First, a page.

2. An air conditioning system as defined in claim 1, wherein the bottom wall of the lower cover slopes and includes means for collecting and draining condensate having a plurality of separated condensate channels which inhibit sloshing of condensate, a condensate collection channel adjacent one end of the bottom wall, means formed on the bottom wall to define a plurality of drain channels feeding to said collection channel, and an outlet opening in said collection channel.

3. An air conditioning system for a locomotive cab to be mounted in the roof of the locomotive cab, said system comprising a frame including a centrally and horizontally arranged panel, upper and lower covers on the top and bottom sides of the panel defining upper and lower chambers, the upper chamber being generally positioned above the roof and exposed to the atmosphere, the lower chamber being generally positioned below the roof and within the cab, a heat exchanger condenser unit in the upper chamber, an air inlet opening in the upper cover aligning with said condenser unit, an air discharge opening in the upper cover, a fan in the upper chamber arranged to draw air into the chamber through the condenser unit and expel air through the air discharge opening, a heat exchanger evaporator unit in the lower chamber, an air inlet opening in the lower cover for the lower chamber aligned with said evaporator unit, an air discharge opening in the lower cover, a blower in the lower chamber for forcing air through the air inlet opening across the evaporator unit into the lower chamber and out through the air discharge opening into the cab, and said cover including side and bottom walls, said bottom wall having a sloping surface and means for collecting condensate and preventing sloshing of condensate onto said evaporator unit, and said means for collecting and preventing sloshing of condensate includes a condensate collection channel adjacent one end of the bottom wall, means formed on the bottom wall to define a plurality of drain channels feeding to said collection channel, and an outlet opening in said collection channel.

4. In an air conditioning system for a heavy vehicle, a condensing unit mounted on the upperside of the cab roof of the vehicle, said unit comprising a casing having opposed front and back walls extending perpendicular to the path of movement of the vehicle, opposed side walls and a top wall, air flow openings in the front and back walls and the top wall, a pair of condensing coils, one adjacent to and aligned with each of the front and back walls, means connecting said coils in parallel to split the cooling load therebetween, a fan mounted between said coils moving air upwardly through the opening in the top wall and drawing air flow through said condensing coils, and a pressure relief trap door. v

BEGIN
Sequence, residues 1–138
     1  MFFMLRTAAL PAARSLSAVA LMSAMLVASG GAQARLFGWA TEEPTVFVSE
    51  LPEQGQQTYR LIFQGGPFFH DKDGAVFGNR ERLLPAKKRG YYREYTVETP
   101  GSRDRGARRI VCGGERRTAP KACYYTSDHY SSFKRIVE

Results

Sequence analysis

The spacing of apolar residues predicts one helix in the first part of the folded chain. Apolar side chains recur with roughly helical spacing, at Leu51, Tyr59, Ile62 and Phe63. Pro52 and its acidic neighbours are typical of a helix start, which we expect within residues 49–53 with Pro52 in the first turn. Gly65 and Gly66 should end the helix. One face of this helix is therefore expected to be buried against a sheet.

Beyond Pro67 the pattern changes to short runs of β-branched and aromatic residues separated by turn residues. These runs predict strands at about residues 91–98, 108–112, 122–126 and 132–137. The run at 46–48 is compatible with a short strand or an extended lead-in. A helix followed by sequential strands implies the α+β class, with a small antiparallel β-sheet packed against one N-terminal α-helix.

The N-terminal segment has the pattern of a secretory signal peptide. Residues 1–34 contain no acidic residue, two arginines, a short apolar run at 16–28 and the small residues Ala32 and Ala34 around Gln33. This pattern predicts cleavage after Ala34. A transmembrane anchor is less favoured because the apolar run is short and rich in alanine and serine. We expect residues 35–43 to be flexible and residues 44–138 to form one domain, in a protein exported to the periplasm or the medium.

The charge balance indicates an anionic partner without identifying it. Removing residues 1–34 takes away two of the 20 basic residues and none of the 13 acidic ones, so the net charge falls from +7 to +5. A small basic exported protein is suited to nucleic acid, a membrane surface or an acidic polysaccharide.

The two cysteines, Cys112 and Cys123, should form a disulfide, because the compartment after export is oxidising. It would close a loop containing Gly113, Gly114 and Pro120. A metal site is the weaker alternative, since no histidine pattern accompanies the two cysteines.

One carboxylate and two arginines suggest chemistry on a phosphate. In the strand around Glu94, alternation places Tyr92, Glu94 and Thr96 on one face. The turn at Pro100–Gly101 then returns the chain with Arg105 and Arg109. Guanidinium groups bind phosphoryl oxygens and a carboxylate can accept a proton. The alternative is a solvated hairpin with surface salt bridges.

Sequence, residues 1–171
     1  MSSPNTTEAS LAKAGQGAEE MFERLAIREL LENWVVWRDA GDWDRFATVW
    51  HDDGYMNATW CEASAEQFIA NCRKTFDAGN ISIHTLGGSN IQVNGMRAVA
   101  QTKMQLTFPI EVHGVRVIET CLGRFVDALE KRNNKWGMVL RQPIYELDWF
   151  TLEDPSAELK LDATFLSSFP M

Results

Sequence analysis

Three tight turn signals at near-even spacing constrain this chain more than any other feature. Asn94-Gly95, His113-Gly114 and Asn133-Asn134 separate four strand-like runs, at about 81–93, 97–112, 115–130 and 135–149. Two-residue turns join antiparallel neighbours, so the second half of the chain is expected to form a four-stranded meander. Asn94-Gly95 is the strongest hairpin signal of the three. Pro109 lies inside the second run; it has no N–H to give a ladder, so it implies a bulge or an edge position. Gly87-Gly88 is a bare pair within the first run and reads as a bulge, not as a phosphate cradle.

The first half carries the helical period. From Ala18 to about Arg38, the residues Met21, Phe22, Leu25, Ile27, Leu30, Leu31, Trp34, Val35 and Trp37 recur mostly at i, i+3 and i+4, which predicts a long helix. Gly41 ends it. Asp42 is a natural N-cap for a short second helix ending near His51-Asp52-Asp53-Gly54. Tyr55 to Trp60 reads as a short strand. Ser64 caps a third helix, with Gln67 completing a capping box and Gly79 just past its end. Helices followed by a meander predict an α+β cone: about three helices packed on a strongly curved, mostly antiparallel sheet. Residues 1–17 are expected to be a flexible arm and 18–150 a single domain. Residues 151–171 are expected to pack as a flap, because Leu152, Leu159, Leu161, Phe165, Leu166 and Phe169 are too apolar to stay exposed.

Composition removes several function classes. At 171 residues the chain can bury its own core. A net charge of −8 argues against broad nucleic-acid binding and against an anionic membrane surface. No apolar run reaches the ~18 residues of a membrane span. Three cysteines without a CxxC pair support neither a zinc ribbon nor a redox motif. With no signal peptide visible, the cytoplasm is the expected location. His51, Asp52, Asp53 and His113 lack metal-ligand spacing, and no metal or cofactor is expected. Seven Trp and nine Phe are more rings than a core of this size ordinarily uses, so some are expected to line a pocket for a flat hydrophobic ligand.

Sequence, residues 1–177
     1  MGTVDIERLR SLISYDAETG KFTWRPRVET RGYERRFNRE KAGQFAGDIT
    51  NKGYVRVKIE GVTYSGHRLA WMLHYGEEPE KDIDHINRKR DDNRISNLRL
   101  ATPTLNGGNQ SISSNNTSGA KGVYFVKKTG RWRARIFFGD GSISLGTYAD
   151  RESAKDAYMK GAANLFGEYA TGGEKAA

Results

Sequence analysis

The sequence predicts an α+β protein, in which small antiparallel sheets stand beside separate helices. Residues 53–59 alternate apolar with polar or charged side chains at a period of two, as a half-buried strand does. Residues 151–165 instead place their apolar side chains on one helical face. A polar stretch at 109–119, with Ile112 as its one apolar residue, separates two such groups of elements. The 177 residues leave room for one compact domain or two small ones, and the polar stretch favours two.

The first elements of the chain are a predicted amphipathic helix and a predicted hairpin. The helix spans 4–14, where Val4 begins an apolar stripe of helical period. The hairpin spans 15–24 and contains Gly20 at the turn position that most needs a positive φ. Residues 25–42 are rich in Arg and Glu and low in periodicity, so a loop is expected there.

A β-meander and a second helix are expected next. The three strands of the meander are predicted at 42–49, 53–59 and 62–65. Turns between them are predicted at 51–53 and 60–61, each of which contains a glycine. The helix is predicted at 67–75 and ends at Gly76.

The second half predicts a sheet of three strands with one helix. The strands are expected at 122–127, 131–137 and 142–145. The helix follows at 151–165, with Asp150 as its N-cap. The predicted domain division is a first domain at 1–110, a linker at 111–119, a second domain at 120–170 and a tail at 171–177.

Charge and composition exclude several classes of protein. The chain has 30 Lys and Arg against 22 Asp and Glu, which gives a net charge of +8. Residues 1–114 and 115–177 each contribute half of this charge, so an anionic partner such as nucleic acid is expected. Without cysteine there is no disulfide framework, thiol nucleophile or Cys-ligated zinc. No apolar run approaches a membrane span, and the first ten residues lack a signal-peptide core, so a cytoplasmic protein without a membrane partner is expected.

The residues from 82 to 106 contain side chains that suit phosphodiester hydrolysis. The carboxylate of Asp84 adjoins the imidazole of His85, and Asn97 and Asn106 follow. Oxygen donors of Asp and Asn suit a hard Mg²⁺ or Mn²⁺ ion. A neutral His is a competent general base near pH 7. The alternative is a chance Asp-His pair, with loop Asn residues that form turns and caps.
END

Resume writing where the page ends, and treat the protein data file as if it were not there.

5. In an air conditioning system for a heavy vehicle, an evaporator unit mounted on the underside of the cab roof of the vehicle, said unit comprising a casing having opposed front and back walls, opposed side sloping toward the back wall of the casing, a drain in the bottom wall, and means on the bottom wall for collecting and preventing sloshing of the condensate free surface including a condensate collection channel adja cent one end of the bottom wall, means formed on the bottom wall to define a plurality of drain channels feeding to said collection channel, and an outlet opening in said collection channel.

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Referenced by
Citing PatentFiling datePublication dateApplicantTitle
US3999599 *Nov 25, 1974Dec 28, 1976Allis-Chalmers CorporationCondensate pan for evaporator core in vehicle air conditioning system
US4043143 *Aug 31, 1976Aug 23, 1977Vapor CorporationLocomotive environmental system
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US4098093 *Dec 6, 1976Jul 4, 1978Vapor CorporationUnitary cab air cooling system for large off road vehicles
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Classifications
U.S. Classification62/285, 62/61, 62/288, 62/239, 165/41, 62/241, 62/245, 62/244
International ClassificationF24F1/00, F25D19/02, F25D21/14, B60H1/00, B61C17/04
Cooperative ClassificationB60H1/3233, B61C17/04, F25D21/14, B60H2001/00235, B60H1/00371, F25D19/02
European ClassificationB60H1/32D, B60H1/00H2, F25D21/14, F25D19/02, B61C17/04
Legal Events
DateCodeEventDescription
Feb 15, 1991ASAssignment
Owner name: MARK IV TRANSPORTATION PRODUCTS CORPORATION, A CO
Free format text: ASSIGNMENT OF ASSIGNORS INTEREST.;ASSIGNOR:VAPOR CORPORATION, A CORP. OF DELAWARE;REEL/FRAME:005602/0291
Effective date: 19901221
Feb 15, 1991AS02Assignment of assignor's interest
Owner name: MARK IV TRANSPORTATION PRODUCTS CORPORATION, ONE T
Owner name: VAPOR CORPORATION, A CORP. OF DELAWARE
Effective date: 19901221